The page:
5 top tips for making KS1 SATs less stressful for children

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Key Stage 1 SATs have long been controversial. But with tests this year the first to be linked to the new curriculum, they feel more high-stakes than ever. With this in mind here are 5 ideas to help you to prepare your children and minimise stress while maximising results.

1. Involve parents in managing the pressure

As early as possible invite parents to a meeting or simply send out a letter setting out what these tests are – and what they actually mean for the child and the school. Many parents will find these tests scary themselves, and pretty much all will be looking for reassurance that their children will not be put under massive pressure – especially at KS1 where the spread of ability due to birth month, mother tongue, and multiple other factors can still be so diverse.

How do you as a school plan to present these tests to the children? Do you use the word ‘test’, ‘assessment’, ‘checks’, ‘round-up’? Do you want your children to know they are important, or do you want them to think they’re just a normal, run-of-the-mill progress check? Let the parents know so they know how to talk about them at home too.

2. Teach children how a test works

There’s lots of talk about teachers ‘teaching to the test’ but what about teaching children how a test works? As adults, we’re so conditioned to the test format we can’t imagine not understanding how to fill one out – but what about a 6 year old? How do they know that the answer is in the text if no one makes it explicit? If a question requires a full sentence as a response, do children have the practice at turning a couple of words from the text into a subject, verb, object format?

Can you recruit parents to help practise just this skill for a week? Even things we think are incredibly basic could throw a young Year 2 child into a tail spin. For example, if a question is in multiple parts, they need to understand that a) and b) mean that they are expected to give separate answers. Some children might even need telling explicitly where to write their answer (my son recently asked me which line he should write on where a two-line space was provided).

Progress & Assess tests use all the kinds of question format that crop up in the SATs to make sure children have plenty of experience of all of them.

3. Practice makes perfect

Children are much less likely to be thrown by the tests if they’re used to the test format. Why not send some practice tests home in the run-up to the real thing? – with instructions to parents to just do a question or two at a time, in a non-stressful, untimed way (so you’re not just compounding a problem!). Make sure you send home the right level of test (Bug Club book-banded tests are perfect for this) so that children don’t get stressed out and parents don’t get frustrated.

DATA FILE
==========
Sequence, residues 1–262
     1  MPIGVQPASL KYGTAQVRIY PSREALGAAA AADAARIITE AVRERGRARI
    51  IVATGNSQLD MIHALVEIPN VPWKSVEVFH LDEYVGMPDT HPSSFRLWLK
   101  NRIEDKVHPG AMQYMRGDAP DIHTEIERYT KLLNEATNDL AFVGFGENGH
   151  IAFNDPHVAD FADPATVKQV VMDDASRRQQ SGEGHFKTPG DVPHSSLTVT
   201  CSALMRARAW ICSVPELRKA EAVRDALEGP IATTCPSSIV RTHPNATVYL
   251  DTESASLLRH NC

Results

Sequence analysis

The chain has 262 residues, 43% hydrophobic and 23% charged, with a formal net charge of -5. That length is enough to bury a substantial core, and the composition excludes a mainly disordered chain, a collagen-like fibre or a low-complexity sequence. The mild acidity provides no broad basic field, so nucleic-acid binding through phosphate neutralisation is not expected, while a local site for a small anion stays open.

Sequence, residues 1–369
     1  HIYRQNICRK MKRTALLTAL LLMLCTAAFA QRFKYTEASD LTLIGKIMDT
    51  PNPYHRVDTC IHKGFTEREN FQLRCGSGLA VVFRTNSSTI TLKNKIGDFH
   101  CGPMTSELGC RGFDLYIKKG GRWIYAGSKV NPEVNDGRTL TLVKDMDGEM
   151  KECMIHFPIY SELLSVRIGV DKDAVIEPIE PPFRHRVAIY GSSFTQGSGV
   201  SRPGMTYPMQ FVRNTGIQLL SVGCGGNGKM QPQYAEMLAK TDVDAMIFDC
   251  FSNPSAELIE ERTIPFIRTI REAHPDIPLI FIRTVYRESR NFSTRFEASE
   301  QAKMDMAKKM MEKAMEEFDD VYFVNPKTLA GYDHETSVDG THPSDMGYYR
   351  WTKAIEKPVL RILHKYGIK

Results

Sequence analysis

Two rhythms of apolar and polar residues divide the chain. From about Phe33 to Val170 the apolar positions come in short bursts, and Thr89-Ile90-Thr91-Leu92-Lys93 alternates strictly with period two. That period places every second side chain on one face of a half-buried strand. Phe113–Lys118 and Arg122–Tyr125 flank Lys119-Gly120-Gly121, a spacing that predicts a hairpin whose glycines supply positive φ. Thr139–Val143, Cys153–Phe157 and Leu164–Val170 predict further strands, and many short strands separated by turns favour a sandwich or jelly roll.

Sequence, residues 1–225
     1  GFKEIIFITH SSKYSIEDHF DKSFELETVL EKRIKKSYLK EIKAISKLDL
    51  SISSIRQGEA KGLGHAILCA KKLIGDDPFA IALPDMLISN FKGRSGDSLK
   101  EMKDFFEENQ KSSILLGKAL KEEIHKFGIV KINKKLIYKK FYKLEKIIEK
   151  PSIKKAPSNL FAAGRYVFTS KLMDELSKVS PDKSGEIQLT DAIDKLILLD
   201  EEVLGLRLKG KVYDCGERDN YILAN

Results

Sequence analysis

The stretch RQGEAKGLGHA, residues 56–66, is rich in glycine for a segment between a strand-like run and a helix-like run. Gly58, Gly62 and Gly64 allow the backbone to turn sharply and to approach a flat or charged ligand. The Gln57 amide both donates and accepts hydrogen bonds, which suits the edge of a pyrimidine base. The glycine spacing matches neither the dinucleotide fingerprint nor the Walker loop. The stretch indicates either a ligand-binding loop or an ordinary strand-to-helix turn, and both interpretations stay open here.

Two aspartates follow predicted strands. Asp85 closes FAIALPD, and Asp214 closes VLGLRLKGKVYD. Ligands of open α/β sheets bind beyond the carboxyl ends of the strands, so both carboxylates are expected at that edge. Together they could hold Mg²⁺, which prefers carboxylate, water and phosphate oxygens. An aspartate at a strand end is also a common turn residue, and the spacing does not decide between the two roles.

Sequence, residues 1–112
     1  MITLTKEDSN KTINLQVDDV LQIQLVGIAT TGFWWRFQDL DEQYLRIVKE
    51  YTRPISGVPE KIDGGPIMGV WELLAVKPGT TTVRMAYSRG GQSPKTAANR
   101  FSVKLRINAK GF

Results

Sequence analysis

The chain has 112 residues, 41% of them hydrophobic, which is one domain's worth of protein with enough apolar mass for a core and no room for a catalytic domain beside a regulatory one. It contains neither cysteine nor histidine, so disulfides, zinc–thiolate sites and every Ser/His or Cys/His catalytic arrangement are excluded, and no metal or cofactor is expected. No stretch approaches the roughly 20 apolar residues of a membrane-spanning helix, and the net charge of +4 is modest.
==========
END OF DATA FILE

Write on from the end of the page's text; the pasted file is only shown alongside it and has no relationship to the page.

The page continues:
This is the way NOT to do it…

There’s no point sending home a generic test, or (as one school did) a detailed comprehension activity intended to be used in class with lots of teacher-led modelling, participation and discussion. Without lots of instruction and reassurance for parents about what you’re expecting from the child and with what level of support, this road is paved with tears.

Children respond better to homework when they see that their peers have to do it too. Why not use your website or newsletter to suggest setting up ‘homework groups’ within natural friendship groups? A focused 10-minute session with friends followed by a jump about on the trampoline will give better results than an hour-long session with a parent trying to coerce a reluctant child at the end of a long school day.

4. Revising skills (in a fun way)

While taking a test is in itself a skill to be learned, the skills to be tested also need to be revised and embedded. Rote learning is thankfully a thing of the past, but there’s still nothing quite like repetition to embed a concept. Even if you haven’t got enough time at school, you can pull in parents to make sure it happens at home.

You could create some sheets of ideas for parents to get learning-based conversation flowing over dinner, lists of websites where they might find free resources, story starters for writing, anything that could save their tired brains and make it easy for them to promote learning at home.

Pearson Primary resources such as Abacus (for maths), and Grammar & Spelling Bug (for, well, grammar and spelling) have online games to practise specific skill strands that you can allocate for home practice that work on an iPad, most Android devices and of course a normal PC or laptop. These games are so much fun, children will barely realise they’re revising – and the information button has tips to help parents support them.

5. Catch more flies with honey…

You know there’s that child in every class who could maybe do it if they concentrated, but they just don’t because they don’t see the point? There’s two ways to get that child to cooperate: you can scare the living daylights out of them (not recommended) or you can use praise and positive reinforcement to capture their good will.

You could try explaining to the child that the test is about showing people who don’t necessarily know them what they can do. You know how great they are, their parents know how great they are – but unless they write it down then no one else can tell how great they are. This is their chance to show what a superstar they are!

With particularly reluctant children, use the parent as an ambassador – asking them to reiterate the message gently at home. And of course, let’s not forget the power of the sticker and the certificate, which experience has proven motivate children and parents in equal measure. Download some free certificates and get those parental competitive juices flowing:

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